The legislative letter states: “The serious problems with health
care in America ”š ever-rising costs, limited access, inconsistent
quality, and waste and inefficiency”š converge in the states. The
effects of these problems stress state budgets, exhaust family
resources, result in lost worker productivity, stifle entrepreneurial
spirit, and literally cause tens of thousands of deaths each year.
Our disjointed health care system has formed a choke-hold on our
economy, limiting job growth and economic development. We cannot fix
the economy without fixing health care.”
Last week, the Connecticut House of Representatives passed two bills that proponents say will make Connecticut "Obama-ready" for national health care reform being debated in Congress. Most notably, each CT bill would create the choice of a public health insurance plan in the state.
While the current debate in DC has focused on the choice of public health insurance plan, this Dispatch
will outline how state legislators and health care advocates have
already been advancing the priority of a public plan - helping to build
grassroots support for creating the choice of a public health insurance
plan as part of comprehensive health care reform. Notable state
campaigns to extend public plans to more families include Healthy
Wisconsin, a guaranteed health care program for all state residents,
providing state employee-level benefits and ensuring consumers' choice
of providers, which passed the State Senate in 2007, and the
Connecticut Healthcare Partnership, allowing small businesses and
municipalities to buy coverage through the state employee health plan,
which passed the legislature in 2008 but was vetoed by the Governor.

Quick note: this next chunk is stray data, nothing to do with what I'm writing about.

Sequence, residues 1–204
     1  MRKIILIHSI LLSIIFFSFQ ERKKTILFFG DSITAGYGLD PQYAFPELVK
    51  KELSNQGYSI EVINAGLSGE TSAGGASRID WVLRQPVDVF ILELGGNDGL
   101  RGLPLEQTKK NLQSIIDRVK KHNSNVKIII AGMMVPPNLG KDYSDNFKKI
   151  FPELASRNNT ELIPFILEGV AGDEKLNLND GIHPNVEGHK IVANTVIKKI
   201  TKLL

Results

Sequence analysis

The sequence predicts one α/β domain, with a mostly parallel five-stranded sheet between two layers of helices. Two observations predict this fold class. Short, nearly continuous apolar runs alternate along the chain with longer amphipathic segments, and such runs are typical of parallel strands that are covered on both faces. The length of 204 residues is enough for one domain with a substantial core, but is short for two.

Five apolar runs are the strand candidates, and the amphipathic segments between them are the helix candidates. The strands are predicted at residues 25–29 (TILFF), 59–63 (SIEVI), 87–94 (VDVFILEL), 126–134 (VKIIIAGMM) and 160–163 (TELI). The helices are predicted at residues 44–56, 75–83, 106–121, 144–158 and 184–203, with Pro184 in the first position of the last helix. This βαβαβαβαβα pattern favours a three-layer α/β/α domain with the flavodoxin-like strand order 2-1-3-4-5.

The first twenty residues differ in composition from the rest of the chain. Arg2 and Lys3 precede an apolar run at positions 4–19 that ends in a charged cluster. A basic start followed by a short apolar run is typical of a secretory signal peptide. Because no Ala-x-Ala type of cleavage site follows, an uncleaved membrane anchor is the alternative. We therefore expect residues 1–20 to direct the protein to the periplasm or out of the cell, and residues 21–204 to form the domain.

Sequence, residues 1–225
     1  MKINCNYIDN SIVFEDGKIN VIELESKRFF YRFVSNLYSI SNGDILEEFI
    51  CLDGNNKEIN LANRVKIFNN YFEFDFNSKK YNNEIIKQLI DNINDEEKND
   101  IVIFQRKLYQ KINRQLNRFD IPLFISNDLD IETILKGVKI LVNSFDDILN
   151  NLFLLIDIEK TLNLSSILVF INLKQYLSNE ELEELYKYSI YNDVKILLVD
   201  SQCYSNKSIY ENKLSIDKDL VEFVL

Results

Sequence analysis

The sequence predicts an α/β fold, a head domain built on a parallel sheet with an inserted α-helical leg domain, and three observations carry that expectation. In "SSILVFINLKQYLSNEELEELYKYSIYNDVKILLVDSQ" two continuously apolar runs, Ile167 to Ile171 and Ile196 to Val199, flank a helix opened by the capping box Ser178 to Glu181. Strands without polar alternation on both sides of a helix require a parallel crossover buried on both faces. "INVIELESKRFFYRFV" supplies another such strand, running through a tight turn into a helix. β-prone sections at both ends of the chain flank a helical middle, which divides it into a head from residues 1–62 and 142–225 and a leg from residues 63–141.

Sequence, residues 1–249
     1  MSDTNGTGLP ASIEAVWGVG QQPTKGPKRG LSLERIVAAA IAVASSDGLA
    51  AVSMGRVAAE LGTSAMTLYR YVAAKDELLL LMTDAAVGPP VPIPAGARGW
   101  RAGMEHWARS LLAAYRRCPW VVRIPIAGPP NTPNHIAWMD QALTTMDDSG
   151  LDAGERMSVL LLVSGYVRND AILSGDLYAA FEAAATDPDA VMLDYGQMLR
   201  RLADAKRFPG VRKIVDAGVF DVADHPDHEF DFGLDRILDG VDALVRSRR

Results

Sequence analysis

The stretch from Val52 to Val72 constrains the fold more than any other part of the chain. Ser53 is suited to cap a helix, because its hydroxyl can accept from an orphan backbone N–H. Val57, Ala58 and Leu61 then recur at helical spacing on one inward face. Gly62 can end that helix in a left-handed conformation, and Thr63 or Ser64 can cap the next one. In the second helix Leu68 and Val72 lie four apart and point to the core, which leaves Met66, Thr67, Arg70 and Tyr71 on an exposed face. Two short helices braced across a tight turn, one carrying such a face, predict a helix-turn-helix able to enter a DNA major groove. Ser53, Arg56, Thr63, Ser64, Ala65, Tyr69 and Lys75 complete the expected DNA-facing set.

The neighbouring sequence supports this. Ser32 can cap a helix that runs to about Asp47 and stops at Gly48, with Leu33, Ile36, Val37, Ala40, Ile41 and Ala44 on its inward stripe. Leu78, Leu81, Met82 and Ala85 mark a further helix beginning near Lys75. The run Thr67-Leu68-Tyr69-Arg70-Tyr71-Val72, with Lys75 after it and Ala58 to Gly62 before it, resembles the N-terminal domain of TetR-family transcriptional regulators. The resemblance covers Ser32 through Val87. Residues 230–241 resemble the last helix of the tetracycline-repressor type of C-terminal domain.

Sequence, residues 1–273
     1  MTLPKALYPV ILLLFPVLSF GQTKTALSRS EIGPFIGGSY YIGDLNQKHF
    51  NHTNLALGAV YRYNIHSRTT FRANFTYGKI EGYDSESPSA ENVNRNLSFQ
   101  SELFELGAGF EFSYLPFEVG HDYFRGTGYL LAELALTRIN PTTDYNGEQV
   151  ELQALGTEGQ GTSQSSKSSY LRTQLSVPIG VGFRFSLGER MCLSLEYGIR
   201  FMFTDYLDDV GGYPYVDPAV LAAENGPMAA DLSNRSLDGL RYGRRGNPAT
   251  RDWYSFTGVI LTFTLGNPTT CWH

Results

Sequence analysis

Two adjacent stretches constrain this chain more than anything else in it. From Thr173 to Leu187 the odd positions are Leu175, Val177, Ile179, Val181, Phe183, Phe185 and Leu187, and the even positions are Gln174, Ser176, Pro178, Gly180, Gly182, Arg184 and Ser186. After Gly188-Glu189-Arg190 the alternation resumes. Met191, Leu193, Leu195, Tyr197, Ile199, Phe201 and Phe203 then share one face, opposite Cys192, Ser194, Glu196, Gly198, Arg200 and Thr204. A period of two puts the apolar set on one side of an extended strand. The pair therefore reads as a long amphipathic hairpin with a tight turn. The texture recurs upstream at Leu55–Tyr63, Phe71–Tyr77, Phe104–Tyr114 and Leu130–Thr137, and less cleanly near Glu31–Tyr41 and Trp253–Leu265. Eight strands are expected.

This year, these initiatives have been reinvigorated by legislators
and joined by other proposals that hinge on creating a public plan,
like SustiNet, a comprehensive reform measure which creates a true
public health insurance option in Connecticut, the nation's insurance
This week, the Washington State Senate's health committee approved a
bill to achieve health-care-for-all by 2012. Sponsored by committee
Chair Sen. Karen Keiser, SB 5945 as amended
combines immediate steps to expand access to coverage and cut
administrative costs with a planning process to refine proposals for
comprehensive reform by 2012. This action came as the Seattle City Council and Seattle Post-Intelligencerendorsed national single-payer health care, emphasizing the continuing efforts in states to move forward health care reform.
There are stark differences between the two presidential campaigns'
approaches to federal-state relationships. Differences range from the
amount of funding appropriated for programs run by the states to
whether the candidates would strengthen or weaken state regulatory